Mineral Information and Data:

Allophane
Al2O3(SiO2)1.3-2.0 • 2.5-3.0H2O [CNMNC approved formula]

Named from the Greek allos - "other" and phanos - "to appear" in allusion to its change when blowpiped.

IMA status : Valid species (Pre-IMA 1816) Grandfathered
CLASSIFICATION 
Dana
(8th edition) :
71.01.04.01  
  (71) Phyllosilicate Sheets of Six-Membered Rings
  (71.01) with 1:1 layers
  (71.01.04) Allophane group
  
Nickel-Strunz
(10th edition) :
09.ED.20
  (09) Silicates
  (09.E) Phyllosilicates
  (09.ED) Phyllosilicates with kaolinite layers composed of tetrahedral and octahedral nets
  
Crystal system: Amorphous — no crystals
Point group (H-M): none — no crystals
Crystal Habit: Massive; as crusts resembling hyalite Opal; also stalactitic or powdery aggregates.
  
Color: Colorless, white, green, bluish, yellow, brown
Diaphaneity: Transparent to translucent
Luster: Vitreous, resinous or waxy
Hardness (Mohs): 3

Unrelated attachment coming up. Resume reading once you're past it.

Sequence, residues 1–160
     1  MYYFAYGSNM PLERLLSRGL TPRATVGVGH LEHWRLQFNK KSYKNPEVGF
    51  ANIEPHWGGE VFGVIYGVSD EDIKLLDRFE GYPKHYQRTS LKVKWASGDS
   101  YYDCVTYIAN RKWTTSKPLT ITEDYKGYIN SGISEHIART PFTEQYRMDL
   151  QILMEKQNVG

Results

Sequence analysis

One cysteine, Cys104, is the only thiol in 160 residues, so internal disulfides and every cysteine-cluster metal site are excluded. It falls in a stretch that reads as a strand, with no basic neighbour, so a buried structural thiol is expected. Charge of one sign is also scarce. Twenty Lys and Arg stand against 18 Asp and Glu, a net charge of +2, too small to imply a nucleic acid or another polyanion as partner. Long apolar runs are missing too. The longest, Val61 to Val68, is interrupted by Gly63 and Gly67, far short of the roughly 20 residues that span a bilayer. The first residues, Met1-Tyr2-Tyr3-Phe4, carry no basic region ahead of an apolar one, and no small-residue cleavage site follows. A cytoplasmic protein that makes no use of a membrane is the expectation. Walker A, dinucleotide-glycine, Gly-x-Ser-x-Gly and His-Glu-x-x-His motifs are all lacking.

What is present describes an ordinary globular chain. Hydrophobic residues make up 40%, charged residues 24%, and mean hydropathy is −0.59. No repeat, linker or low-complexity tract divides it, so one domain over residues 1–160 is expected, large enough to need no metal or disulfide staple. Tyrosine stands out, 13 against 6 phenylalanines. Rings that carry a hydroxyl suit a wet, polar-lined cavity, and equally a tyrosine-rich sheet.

Measured Density: 2.72 -2.788 g/cm3
Tenacity: Brittle
Fracture: Conchoidal to earthy
Streak: Colorless, white
  
Geologic Setting: A weathering product of volcanic ash. In hydrothermally altered igneous rocks, from the breakdown of feldspars, and in hydrothermal veins, typically related to copper deposits. In sedimentary rocks, including chalk and coal beds.
Mineral Association: Quartz, cristobalite, imogolite, gibbsite, vermiculite, chrysocolla, "limonite"
  

 

Allophane
Blue cuprian allophane
Origin: Reiche Zeche Mine, Himmelfahrt Mine, Freiberg, Freiberg District, Erzgebirge, Saxony, Germany
Picture size: 5 mm
Owner: Thomas Witzke

 

Allophane
White massive allophane in a brecciated beige-ocre argillic matrix,
collected in 1938
Origin: Chessy, Rhône, France
Sample size: 3 x 3.5 x 5 cm
Photo: Diederik Visser

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